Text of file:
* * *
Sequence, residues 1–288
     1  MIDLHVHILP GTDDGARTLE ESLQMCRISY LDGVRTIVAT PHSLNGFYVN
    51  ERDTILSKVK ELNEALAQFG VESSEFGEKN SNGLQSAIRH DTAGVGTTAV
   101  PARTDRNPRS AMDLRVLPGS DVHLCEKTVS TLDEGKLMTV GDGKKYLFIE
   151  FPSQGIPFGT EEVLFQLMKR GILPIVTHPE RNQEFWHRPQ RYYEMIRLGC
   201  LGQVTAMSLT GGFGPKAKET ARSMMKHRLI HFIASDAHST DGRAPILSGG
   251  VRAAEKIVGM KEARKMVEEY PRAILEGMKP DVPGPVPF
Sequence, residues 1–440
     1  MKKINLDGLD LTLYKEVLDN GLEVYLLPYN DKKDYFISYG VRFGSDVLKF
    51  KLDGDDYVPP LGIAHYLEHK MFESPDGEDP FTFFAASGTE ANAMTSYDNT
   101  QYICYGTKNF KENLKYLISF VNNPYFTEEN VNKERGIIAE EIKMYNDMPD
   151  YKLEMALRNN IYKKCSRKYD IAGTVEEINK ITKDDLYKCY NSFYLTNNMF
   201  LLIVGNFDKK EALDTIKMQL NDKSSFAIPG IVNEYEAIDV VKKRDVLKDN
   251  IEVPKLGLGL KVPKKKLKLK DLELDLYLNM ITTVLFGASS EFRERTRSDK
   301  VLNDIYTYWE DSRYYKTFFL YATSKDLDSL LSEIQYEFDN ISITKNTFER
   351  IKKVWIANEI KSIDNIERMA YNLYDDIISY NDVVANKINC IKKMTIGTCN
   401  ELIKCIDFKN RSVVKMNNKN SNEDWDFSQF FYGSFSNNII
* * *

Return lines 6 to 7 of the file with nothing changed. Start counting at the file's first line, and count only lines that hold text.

   201  LGQVTAMSLT GGFGPKAKET ARSMMKHRLI HFIASDAHST DGRAPILSGG
   251  VRAAEKIVGM KEARKMVEEY PRAILEGMKP DVPGPVPF